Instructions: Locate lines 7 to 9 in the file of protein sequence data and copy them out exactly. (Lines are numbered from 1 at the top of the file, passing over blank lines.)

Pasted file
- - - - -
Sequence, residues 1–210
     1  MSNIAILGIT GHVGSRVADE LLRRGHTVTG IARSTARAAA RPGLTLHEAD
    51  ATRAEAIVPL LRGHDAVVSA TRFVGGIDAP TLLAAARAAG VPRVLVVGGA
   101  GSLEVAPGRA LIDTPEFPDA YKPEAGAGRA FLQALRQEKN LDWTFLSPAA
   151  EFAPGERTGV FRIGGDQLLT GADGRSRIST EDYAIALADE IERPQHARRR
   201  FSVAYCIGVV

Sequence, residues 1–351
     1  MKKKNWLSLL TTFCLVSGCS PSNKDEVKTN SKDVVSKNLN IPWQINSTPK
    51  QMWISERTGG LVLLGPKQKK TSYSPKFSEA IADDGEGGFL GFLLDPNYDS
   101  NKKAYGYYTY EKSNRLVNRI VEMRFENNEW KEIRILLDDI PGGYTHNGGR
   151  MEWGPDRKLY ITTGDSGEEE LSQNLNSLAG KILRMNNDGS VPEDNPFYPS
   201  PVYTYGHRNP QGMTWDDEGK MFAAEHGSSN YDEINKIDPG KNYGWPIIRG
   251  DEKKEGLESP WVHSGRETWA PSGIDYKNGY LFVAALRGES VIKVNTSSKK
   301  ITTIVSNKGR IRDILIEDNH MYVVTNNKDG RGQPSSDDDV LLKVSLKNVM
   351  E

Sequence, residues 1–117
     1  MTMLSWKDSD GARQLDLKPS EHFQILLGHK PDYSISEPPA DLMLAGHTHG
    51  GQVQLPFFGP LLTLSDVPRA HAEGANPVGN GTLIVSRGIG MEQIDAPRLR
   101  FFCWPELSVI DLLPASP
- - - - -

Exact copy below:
Sequence, residues 1–351
     1  MKKKNWLSLL TTFCLVSGCS PSNKDEVKTN SKDVVSKNLN IPWQINSTPK
    51  QMWISERTGG LVLLGPKQKK TSYSPKFSEA IADDGEGGFL GFLLDPNYDS